John_s_version_1While most of Ireland, North and South, are starting to focus on the 2016 EURO’s in France, the rugby aficionados amongst us will be getting prepared and booking their flights for Manchester and the 2016 World Rugby Under 20 Championship. 

This will be our seventh year of coverage of this competition and I must say it has never disappointed, irrespective of the results of the Ireland team. This season I’m expecting a cracker, hopefully featuring a young Irish side playing an exiting brand of rugby.

The current crop of youngsters didn’t get off to the best of starts in the Six Nations, losing to Wales and France, but throughout the opening rounds Nigel Carolan’s charges always maintained an emphasis on high risk rugby. Their fortunes changed with an away win against England and they extended their run with wins against Italy and Scotland, which see’s them go into the competition with a bit of form about them. 

Player appearances 2015 – 16

Position Player Province WAL FRA ENG ITA SCO S R TOT
LHP Andrew Porter Leinster S S S S R 4 1 5
LHP James Bolland Leinster R R R R S 1 4 5
LHP Vakh Abdaladze Leinster 0 0 0
H Adam McBurney Ulster S S S S S 5 0 5
H Vincent O’Brien Munster 0 0 0
THP Conor Kenny Connacht R S 1 1 2
THP Ben Betts Munster R R 0 2 2
 Key: S – Starting Player, R – Replacement Player.  
SR James Ryan Leinster S S S S S 5 0 5
SR Sean O’Connor Munster R R R R S 1 4 5
SR Evan Mintern Munster 0 0 0
  Key: S – Starting Player, R – Replacement Player.  
BR Cillian Gallagher Connacht S S S S S 5 0 5
BR Greg Jones Leinster S S S 3 0 3
BR Conall Boomer Ulster 0 0 0
BR Max Deegan Leinster S S R R 2 2 4
BR Kelvin Brown Munster R R R 0 3 3
BR David Aspil Leinster           0 0 0
  Key: S – Starting Player, R – Replacement Player.  
SH Stephen Kerins Connacht R R S S 2 2 4
SH Niall Saunders Exile R 0 1 1
OH Bill Johnston Munster 0 0 0
OH Johnny McPhillips Ulster S S S S S 5 0 5
  Key: S – Starting Player, R – Replacement Player.  
UB Conor O’Brien Leinster R S S S S 4 1 5
UB Shane Daly Munster S S S S S 5 0 5
UB Jimmy O’Brien Leinster S S S 3 0 3
UB Paul Kiernan Munster 0 0 0
UB Jacob Stockdale Ulster S S 2 0 2
UB Terry Kennedy Leinster R R 0 2 2
UB Hugo Keenan Leinster S S S S S 5 0 5
UB Matthew Byrne Leinster S S R R 2 2 4
  Key: S – Starting Player, R – Replacement Player.  
Not considered due to injury: 
THP Conan O’Donnell Connacht S R S S S 4 1 5
H Shane Fenton Munster R R R 0 3 3
SR Peter Claffey Connacht S S S S R 4 1 5
UB Sam Arnold Ulster 0 0 0
UB Jack Power Leinster S S 2 0 2
BR Will Connors Leinster S S S S 4 0 4
Late update: Ulster’s Conall Bonner has been called into the squad to replace Will Connors who has picked up an ankle injury.

The main losses to the squad, that featured in the Six Nations, have to be injured, tight head prop, Conan O’Donnell and, second row, Peter Claffey who both featured, with some effect, in all Ireland’s games and, though he didn’t feature in the Six Nations due to injury, the non-availability of Ulster’s Sam Arnold is another big blow. 

However the inclusion of Muster players, Bill Johnston, at out half, and Evan Mintern, in the second row, should help. Johnston’s inclusion creating the option of Johnny McPhillips as a playmaker in the centre. The full time involvement of Ulser’s Jacob Stockdale, who missed the first three rounds of the Six Nations due to senior Ulster appearances, also adds a strong attacking option, either from out wide or full back.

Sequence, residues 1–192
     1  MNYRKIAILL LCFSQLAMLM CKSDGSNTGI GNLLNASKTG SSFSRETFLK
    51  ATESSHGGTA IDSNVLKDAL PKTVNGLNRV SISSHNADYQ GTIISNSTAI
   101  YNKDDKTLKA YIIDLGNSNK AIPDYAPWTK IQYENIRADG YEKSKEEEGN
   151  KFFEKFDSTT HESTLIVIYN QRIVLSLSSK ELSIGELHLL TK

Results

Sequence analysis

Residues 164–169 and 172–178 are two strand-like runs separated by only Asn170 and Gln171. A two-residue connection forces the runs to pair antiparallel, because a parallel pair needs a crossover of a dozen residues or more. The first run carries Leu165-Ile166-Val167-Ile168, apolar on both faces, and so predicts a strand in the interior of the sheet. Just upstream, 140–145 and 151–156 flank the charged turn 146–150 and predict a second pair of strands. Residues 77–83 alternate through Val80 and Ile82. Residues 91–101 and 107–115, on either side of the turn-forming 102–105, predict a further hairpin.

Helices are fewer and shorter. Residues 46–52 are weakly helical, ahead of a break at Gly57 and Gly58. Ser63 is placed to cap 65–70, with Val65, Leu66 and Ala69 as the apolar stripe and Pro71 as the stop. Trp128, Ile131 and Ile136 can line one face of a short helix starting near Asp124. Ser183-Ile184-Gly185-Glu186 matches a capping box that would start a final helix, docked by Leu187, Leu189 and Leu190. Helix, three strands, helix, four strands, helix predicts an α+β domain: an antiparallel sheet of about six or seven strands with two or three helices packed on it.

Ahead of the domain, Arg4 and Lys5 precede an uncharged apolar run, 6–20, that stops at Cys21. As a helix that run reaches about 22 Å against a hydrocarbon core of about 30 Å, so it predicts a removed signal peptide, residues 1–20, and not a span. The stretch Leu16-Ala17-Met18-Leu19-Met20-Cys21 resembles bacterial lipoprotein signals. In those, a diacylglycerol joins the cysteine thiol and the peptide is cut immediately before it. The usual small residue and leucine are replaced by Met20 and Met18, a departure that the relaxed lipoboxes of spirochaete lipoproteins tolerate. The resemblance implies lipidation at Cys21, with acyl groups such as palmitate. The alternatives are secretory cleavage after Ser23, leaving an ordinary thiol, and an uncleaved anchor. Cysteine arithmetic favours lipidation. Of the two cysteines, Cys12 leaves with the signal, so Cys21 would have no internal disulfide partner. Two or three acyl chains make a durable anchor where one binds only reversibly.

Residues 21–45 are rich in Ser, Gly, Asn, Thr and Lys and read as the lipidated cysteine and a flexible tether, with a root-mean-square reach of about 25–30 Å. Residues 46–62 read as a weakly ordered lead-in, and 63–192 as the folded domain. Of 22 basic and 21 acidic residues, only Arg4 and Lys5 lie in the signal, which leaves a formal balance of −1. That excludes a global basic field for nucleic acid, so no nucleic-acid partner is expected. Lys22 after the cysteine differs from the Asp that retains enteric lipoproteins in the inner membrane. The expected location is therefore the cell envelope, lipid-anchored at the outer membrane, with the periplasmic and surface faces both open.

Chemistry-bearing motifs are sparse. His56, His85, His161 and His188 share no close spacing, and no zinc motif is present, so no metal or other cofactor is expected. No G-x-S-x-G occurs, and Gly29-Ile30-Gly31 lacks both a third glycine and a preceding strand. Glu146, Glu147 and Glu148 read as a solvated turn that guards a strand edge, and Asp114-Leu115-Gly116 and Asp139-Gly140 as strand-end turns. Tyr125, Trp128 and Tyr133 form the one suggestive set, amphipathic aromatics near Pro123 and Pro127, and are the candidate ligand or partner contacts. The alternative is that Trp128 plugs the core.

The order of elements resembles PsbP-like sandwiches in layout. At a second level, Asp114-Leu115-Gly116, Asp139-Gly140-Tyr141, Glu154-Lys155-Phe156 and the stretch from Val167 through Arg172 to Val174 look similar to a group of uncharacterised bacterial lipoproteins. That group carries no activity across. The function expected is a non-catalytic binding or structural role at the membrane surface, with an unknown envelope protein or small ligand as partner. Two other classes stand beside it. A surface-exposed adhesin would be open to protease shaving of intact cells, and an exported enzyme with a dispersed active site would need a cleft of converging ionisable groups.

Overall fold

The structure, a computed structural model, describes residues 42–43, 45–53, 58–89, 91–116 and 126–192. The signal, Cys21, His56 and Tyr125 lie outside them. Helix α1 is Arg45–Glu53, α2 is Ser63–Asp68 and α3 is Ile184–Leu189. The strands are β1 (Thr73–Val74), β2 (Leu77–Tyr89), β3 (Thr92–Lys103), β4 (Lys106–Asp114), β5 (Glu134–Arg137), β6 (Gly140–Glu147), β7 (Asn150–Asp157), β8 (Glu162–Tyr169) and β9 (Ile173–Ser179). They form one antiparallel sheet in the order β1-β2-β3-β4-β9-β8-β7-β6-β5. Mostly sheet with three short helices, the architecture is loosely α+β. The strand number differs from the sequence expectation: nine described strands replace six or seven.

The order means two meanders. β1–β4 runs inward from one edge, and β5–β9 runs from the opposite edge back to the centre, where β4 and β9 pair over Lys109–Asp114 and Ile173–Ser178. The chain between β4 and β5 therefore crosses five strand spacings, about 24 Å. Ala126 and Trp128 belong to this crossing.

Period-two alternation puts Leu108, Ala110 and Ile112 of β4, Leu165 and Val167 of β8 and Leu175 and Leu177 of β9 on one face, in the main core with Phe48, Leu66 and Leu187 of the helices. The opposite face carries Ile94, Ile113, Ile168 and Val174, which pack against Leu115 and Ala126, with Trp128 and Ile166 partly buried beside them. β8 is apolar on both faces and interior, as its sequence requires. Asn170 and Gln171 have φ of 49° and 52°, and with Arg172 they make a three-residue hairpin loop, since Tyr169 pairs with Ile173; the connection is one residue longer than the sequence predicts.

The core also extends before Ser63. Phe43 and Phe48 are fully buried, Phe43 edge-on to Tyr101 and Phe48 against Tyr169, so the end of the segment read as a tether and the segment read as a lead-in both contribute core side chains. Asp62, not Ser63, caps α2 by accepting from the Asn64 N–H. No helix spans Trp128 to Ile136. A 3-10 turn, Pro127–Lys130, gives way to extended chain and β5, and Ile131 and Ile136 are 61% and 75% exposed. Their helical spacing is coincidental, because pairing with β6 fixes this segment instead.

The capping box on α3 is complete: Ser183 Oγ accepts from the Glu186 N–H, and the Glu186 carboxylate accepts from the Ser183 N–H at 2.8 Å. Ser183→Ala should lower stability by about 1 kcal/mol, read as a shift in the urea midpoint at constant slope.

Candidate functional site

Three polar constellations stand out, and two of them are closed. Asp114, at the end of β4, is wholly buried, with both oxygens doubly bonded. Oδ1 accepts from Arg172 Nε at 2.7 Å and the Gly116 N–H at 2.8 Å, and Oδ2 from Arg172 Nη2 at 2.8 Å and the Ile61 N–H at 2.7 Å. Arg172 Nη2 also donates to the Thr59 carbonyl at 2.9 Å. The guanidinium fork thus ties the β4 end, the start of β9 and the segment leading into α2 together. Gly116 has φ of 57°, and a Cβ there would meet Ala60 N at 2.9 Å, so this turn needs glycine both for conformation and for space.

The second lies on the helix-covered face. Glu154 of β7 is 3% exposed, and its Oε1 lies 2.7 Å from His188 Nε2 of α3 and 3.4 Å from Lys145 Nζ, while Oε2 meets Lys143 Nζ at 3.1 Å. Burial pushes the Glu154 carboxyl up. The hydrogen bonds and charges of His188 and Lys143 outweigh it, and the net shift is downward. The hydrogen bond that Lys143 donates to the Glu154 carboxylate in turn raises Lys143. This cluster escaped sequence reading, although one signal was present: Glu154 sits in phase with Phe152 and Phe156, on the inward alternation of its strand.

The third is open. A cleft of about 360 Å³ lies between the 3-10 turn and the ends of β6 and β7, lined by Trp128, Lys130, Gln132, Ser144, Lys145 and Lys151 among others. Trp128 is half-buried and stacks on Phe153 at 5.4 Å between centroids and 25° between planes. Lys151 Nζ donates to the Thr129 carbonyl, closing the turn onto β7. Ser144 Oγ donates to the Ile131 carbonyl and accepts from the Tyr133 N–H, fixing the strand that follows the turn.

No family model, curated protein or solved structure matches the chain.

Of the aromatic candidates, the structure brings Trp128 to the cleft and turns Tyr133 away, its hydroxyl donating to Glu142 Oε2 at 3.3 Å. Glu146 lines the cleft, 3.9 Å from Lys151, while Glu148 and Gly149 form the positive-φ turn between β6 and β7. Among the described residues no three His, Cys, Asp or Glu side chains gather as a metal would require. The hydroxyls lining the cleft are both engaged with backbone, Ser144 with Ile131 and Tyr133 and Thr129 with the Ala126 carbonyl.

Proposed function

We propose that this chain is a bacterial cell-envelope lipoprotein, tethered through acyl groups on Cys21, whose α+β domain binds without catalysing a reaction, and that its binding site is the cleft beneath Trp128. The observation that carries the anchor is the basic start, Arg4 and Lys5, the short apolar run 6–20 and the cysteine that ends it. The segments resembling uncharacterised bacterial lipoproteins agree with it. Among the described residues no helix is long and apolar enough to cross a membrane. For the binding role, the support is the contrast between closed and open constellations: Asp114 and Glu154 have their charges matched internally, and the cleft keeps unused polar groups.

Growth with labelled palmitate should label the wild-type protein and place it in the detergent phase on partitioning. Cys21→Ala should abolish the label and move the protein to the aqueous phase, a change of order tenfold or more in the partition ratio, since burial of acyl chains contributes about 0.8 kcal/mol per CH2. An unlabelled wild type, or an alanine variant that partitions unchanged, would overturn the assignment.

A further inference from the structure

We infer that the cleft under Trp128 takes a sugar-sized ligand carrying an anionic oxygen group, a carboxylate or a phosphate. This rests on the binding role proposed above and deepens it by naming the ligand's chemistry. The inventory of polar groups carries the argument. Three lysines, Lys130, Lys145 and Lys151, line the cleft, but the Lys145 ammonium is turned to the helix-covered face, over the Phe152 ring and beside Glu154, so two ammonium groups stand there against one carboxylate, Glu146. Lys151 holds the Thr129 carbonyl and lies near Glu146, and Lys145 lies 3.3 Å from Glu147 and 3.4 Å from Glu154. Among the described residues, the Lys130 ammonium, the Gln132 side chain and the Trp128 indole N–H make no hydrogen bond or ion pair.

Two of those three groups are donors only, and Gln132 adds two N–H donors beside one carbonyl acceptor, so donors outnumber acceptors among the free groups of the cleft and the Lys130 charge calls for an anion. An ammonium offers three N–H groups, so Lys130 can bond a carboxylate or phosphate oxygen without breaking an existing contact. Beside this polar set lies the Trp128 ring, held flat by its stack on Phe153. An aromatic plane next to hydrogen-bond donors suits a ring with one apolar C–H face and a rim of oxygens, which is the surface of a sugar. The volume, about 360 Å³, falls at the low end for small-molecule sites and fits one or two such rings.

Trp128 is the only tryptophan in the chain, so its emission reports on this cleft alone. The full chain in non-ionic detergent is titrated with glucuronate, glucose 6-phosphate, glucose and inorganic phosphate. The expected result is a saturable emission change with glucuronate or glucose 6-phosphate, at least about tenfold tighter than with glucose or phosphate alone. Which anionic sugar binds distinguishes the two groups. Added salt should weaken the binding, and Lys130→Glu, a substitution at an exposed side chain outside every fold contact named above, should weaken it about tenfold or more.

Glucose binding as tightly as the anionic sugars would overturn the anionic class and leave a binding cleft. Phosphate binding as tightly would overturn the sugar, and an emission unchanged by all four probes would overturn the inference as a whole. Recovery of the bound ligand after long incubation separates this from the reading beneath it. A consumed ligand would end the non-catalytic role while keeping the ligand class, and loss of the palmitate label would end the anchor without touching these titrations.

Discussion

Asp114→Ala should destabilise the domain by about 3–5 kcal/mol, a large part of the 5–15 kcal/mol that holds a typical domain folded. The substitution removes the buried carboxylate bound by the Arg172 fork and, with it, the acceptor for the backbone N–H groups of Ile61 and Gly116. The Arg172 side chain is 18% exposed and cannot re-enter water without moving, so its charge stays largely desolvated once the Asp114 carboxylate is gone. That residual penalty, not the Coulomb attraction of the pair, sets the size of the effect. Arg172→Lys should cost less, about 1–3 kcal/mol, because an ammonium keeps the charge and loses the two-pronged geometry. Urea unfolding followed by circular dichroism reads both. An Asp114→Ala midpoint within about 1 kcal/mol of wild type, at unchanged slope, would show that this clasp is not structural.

The Pools

Georgia 0 0 0 0 0 0
Ireland 0 0 0 0 0 0
New Zealand 0 0 0 0 0 0
Wales 0 0 0 0 0 0
Australia 0 0 0 0 0 0
England 0 0 0 0 0 0
Italy 0 0 0 0 0 0
Scotland 0 0 0 0 0 0
Argentina 0 0 0 0 0 0
France 0 0 0 0 0 0
Japan 0 0 0 0 0 0
South Africa 0 0 0 0 0 0

It’s an old cliché, but there really are no easy groups at this level, however Ireland can count themselves particularly unlucky to be placed in such a difficult group. 

They face the current World Champions, New Zealand, the current Six Nations Champions, Wales, and the recently promoted and looking to impress, Georgia, who host the competition next year.

However, it’s not about the results at this age but about the performance. This is a hugely attritional tournament, with five matches played over 18 days with ridiculously small squads, and, historically, those teams with a big physical presence have tended to do well.

This is reflected in Ireland’s record, which is nothing to write home about, with the following finishes over the eight years of the competition:

Year 2008 2009 2010 2011 2012 2013 2014 2015
Ireland 9th 8th 9th 8th 5th 8th 4th 7th

I’d guess this time round that the team will be targeting a top six finish which would be a realistic goal. 

The fixtures.

Ireland’s fixtures in Pool A will all take place at the Manchester City Academy Stadium as follows; 

Tuesday, 7th June 17:30 Wales v Ireland
Saturday, 11th June 13:30 New Zealand  v Ireland
Wednesday, 15th June 17:30 Ireland  v Georgia
The Semi-Finals take place on Monday 20th June with Finals Day on Saturday 25th, the locations and opponents depending on the teams ranking after the Pool stages. 
Matches broadcast on Sky Sports, S4C and TG4

No gentle introductions there – straight in against Wales and then four day’s later it’s the All Black before a bruising encounter with the Georgians!  😯 

However that all important first game does tend to set the tone and, despite losing to Wales in the Six Nations, I believe that Ireland have reason to be confident – unfortunately you are going to have to wait until the team announcements before I tell you how Ireland are going to win that one!